Join The Conversation With Mishpacha's Weekly Newsletter

Mad Libs and Mothers

Faigy Peritzman

What we need to achieve our tafkid is already within us

Wednesday, March 13, 2019


he Jews had light and joy, and gladness and honor” (Megillas Esther 8:16).

Chazal in Taanis (29a) tell us: “When Adar enters, we increase happiness.”


There are many facets to happiness. Rav Chaim Vital writes that the trait of sadness is rooted in the soul’s element of earth, whereas happiness comes from the element of fire. That’s why in the Megillah it states that the Jews had light (fire) and simchah, as they are dependent on each other.

How can we acquire the fire of happiness?

Man is all-inclusive. All middos, good and bad, are contained inside of us. When a person wants to acquire the middah of simchah, he may assume he needs to look externally to acquire it. But in actuality, he needs to look within himself and see how much of the middah he already utilizes and how much more he needs to find within himself to maximize his simchah. (Rav Itamar Schwartz, Bilvavi Mishkan Evneh)

Regardless of what your last name is, your children are born with the natural ability to find your areas of weakness. You could be the most accomplished and calm mom, and they’ll still find that one little detail where you’re lacking and hassle you about it.

It’s like Mothering Mad Libs. Have your kids fill in the blanks:

“Everyone else in my class has a [noun, something expensive] except for me!”

“A [p.m. hour] bedtime is ridiculous!”

“No one else’s mother forces them to [verb] every day!”

These direct hits translate in your brain to mean: “You are a [adjective, something negative] mother!”

Chazal say that we should first give gratitude for what we have, before we ask for what we need. This is the concept of having an “ayin tovah,” having a good eye and being happy with one’s lot. Once we’re used to focusing on the positive, then we realize how little we’re really missing; life is so full! Only then can we ask Hashem to fill in the small voids.

The Vilna Gaon said that this concept applies to our spirituality as well. Before you ask Hashem to help you accomplish more in ruchniyus, recognize how much you’ve already accomplished. When we take stock of how much we’ve grown, as opposed to how much we still need to grow, we’re filled with a sense of accomplishment. This galvanizes us to accomplish more.

Years ago (I refuse to disclose how many), we celebrated my 40th birthday with much pomp and ceremony. “Mommy,” my five-year-old said as he snuggled into my lap that night, “Are you one of those old people who don’t think they are old?”

Gotcha there, Mom!

Of course, I don’t think I’m old. Does that make me one of those old people? Help.

I tried diplomacy. “You know 40’s not that old,” I said. Diplomacy. It always fails.

“Of course it is! I told my friends how old you were and they didn’t even believe me!”

You don’t fight a whole class of five-year-olds. So let’s face it, I’m old. And that in turn makes me feel… creaky, has-been, and over the hill.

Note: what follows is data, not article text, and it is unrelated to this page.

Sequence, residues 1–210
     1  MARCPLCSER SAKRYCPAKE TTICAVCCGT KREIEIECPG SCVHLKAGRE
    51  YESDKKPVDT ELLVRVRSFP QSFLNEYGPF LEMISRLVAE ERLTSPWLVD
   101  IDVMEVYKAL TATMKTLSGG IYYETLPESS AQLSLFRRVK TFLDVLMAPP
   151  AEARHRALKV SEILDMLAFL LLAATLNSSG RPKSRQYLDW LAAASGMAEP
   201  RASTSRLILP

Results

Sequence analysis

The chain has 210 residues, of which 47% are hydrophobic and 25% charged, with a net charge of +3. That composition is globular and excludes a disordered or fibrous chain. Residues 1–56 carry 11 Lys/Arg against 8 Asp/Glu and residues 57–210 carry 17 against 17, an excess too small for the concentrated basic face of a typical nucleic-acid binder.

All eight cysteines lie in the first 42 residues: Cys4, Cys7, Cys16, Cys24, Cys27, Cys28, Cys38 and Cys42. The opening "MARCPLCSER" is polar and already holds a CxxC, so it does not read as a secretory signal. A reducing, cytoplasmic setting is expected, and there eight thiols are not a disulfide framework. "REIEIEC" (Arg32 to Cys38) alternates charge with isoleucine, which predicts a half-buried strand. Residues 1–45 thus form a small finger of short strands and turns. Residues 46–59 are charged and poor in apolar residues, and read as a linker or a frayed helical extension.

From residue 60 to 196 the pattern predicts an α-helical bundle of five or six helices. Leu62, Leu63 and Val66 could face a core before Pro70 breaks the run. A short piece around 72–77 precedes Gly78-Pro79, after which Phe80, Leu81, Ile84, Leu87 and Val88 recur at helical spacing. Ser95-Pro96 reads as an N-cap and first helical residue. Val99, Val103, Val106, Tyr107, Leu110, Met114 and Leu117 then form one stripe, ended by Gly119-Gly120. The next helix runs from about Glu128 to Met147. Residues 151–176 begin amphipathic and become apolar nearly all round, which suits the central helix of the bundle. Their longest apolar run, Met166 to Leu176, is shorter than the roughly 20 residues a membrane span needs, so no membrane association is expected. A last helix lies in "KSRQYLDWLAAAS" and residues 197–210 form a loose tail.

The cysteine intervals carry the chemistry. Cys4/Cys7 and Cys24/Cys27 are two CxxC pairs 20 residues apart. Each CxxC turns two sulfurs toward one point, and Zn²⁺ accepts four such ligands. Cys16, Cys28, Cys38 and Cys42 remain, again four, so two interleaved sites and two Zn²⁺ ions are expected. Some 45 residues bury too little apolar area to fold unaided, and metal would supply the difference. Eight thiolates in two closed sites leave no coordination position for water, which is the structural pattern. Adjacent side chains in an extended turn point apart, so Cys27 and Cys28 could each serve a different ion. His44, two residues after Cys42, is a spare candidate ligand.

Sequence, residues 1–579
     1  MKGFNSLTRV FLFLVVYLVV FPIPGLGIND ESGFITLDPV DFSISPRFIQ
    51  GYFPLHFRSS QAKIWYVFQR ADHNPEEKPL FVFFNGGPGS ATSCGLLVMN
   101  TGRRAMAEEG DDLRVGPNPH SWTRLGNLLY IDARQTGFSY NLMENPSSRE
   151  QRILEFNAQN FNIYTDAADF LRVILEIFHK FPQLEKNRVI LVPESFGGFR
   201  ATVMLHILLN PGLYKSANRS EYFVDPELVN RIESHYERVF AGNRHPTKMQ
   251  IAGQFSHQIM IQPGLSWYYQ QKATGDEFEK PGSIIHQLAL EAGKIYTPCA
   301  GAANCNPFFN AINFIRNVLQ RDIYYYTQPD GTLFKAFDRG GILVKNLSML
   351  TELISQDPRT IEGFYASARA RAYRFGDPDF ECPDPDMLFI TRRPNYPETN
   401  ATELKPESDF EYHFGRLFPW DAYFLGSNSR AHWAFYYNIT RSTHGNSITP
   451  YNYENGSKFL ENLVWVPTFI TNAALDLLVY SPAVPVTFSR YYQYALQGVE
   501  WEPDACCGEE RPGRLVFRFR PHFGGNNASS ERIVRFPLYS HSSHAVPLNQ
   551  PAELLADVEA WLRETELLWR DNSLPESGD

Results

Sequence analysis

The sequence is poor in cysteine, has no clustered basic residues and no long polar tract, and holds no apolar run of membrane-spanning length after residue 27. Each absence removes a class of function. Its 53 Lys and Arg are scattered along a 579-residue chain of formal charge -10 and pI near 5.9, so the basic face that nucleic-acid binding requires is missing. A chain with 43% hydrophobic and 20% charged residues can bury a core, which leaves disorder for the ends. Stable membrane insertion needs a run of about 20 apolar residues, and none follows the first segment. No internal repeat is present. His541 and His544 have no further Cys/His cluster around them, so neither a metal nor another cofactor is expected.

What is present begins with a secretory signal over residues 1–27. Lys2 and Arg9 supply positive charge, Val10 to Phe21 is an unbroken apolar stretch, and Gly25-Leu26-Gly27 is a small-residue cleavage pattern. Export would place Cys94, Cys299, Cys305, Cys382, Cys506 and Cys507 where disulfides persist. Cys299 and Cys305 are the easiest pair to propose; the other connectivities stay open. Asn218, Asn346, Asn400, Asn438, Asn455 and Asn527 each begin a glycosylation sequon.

In any matter of avodas Hashem, whatever we need to achieve our tafkid is already within us. To illustrate, Rav Shimon Shkop said that in order to love others like yourself, you can’t do it by trying to access more love outside yourself. Rather, you expand your own love for yourself — which you already have in you — and then let it extend to others.

This applies to any aspect of avodas Hashem: learning, davening, purity, good middos. Everything is already in place inside of you to be utilized and maximized in your service of Hashem.

Instead of swallowing their complaints and criticisms hook, line, and sinker, I’ve learned to fill in my own answers.

Kids: “Why can’t we have [gourmet dish] like the Levys do? We have chicken every [day of week]!”

Me: “You don’t like gourmet and you do like chicken. Our suppers are healthy and taste [adjective, something positive].”

Kids: “This family is completely [adjective that indicates dysfunctionality]!”

Me: “Our family is energetic and fun and [positive adjective].”

Kids: “When I’m a mother, I’m never going to [verb, name of punishment]. And my house will always be [adjective that indicates superlative cleanliness].”

Me: “When you’re a mother, zeeskeit, I hope you realize, as I have, just how many unique qualities you possess to fill in your blanks.”

(Originally featured in Family First, Issue 634)

Share this page with a friend. Fill in the information below, and we'll email your friend a link to this page on your behalf.

Your name
Your email address
You friend's name
Your friend's email address
Please type the characters you see in the image into the box provided.

Hidden Power
Yonoson Rosenblum One never knows the power of his or her mitzvos
Can You Tell a Phony?
Eytan Kobre “You’re not using the phone; the phone is using you”
Grief and Gratitude
Yisroel Besser The deepest, most sophisticated truth in the world
Nobody's Perfect
Alexandra Fleksher With the gift of maturity, we learn to accept
Colossal Humility
Rabbi Ron Yitzchok Eisenman The last words I ever heard from my rebbi
Ready and Waiting
Baruch S. Fertel, MD, MPA, FACEP Why does everything take so long in the ER?
Bless You!
Faigy Peritzman Blessings don't create anything new in the natural world
Ready, Set, Succeed!
Sarah Chana Radcliffe Ensure success with explicit, doable instructions
The Radiance of Surrender
Mrs Shani Mendlowitz Honest admission reveals your inner radiance